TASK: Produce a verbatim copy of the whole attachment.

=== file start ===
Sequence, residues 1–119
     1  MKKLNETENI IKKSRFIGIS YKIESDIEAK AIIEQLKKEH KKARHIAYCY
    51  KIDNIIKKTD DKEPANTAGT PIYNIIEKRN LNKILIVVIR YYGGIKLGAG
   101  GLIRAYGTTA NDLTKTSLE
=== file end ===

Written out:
Sequence, residues 1–119
     1  MKKLNETENI IKKSRFIGIS YKIESDIEAK AIIEQLKKEH KKARHIAYCY
    51  KIDNIIKKTD DKEPANTAGT PIYNIIEKRN LNKILIVVIR YYGGIKLGAG
   101  GLIRAYGTTA NDLTKTSLE